One of the most enduring legends in the Silicon Valley culture is that of Google’s “20% Time.”
In the letter announcing Google’s IPO in 2004, founders Sergey Brin and Larry Page told the world that giving their employees the freedom to pursue personal projects was fundamental to Google’s ability to innovate and compete.
“We encourage our employees, in addition to their regular projects, to spend 20% of their time working on what they think will most benefit Google,” the letter reads. “This empowers them to be more creative and innovative. Many of our significant advances have happened in this manner.”
AdSense, Gmail, Google News—many of the company’s most popular and widely used products allegedly emerged from Google’s 20% Time initiative. In the years since Google went public, the policy has become an enduring symbol of what can happen when creative, driven employees have the freedom to apply their ingenuity to projects beyond the scope of their regular work.
Whether or not Google’s 20% Time ever really existed—which, according to former Yahoo CEO Marissa Mayer and former SVP of People Operations at Google Laszlo Bock, seems doubtful—isn’t necessarily the point. That’s because 20% Time is a much more powerful idea than it is a time management policy; given the time and freedom to explore and play, talented employees will alchemize personal passions into profitable products.
Instead, we’ve been intentional about being less efficient so we can create a safe, low-stress environment that allows innovative ideas to surface.
Many tech companies live and die by how well they innovate. Ask any prospective investor what they’re looking for in their next company or product, and innovation is likely to be high on the list. True innovation, however, is often scarce. Not every idea can change the world, and not every company can become the next Google—and that’s okay.
True innovation is rare
One of the things we’ve learned since founding Wildbit 20 years ago is that the reason real innovation is so rare isn’t because of a lack of creativity or vision. It’s because of our fundamental aversion to risk as human beings.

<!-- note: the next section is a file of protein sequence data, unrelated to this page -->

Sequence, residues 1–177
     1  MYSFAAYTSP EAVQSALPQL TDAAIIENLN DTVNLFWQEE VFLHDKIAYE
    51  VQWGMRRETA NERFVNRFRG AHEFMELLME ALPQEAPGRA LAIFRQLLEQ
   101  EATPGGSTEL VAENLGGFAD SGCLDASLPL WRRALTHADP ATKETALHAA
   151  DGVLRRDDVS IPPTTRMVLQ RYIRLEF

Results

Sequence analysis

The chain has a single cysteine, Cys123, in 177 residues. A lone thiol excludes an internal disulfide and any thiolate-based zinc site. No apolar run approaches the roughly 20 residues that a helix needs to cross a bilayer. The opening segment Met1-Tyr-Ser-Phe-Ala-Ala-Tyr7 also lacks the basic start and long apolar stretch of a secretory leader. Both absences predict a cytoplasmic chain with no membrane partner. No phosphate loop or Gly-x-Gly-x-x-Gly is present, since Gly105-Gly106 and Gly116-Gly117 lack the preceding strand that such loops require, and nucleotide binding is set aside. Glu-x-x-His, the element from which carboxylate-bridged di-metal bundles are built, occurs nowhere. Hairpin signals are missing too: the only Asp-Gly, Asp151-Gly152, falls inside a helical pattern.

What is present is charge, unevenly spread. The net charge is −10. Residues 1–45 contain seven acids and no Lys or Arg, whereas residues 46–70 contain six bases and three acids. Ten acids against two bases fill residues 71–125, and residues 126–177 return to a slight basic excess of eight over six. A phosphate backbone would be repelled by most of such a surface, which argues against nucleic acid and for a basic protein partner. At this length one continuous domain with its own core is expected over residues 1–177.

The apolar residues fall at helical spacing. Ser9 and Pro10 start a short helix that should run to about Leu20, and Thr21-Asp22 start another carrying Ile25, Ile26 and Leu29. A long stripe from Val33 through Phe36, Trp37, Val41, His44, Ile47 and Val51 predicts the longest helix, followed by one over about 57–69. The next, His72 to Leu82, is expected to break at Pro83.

When we started building products at Wildbit, we just wanted to have fun working on cool projects. We wanted to solve interesting problems and explore new technologies with people who shared our drive and passion. As a small, newly formed company, this approach carried very little real risk. If a product or idea didn’t work out, we simply took what we learned from the experience and applied it to the next project.
But for larger companies, the freedom to explore and create comes with significant financial implications. Time spent on passion projects is time that could be spent developing and improving core products that drive revenue and enable growth. As companies grow, aversion to potential risk typically intensifies, making it even harder to experiment with new processes or try new ideas.
We’ve been as deliberate about lowering the risk inherent to experimentation as we have about creating space for that experimentation to happen. As our products and our company grow, the way we interact with those products and our business becomes more cautious, more serious. While this is the correct way to work on and maintain mature products, we want to create just as much room for our people to let go, take risks without fear of potential consequences, and not take their work so seriously once in a while.
We’re still very much a small company, but we’ve experienced this tension ourselves. We haven’t lost that sense of curiosity that inspired us to launch Wildbit to begin with, but our products have reached a level of maturity that requires us to be very intentional about products that have been around for a long time. Postmark is 10 years old. Beanstalk is 12 years old. So we strive to find a healthy balance between improving and maintaining our mature products while also giving ourselves time and space to experiment with new ideas.
As a profitable company, we’re fortunate to have the financial freedom to explore new ideas, but we’ve found that winging it isn’t really feasible for us anymore—we have to be much more deliberate about how we innovate as a company.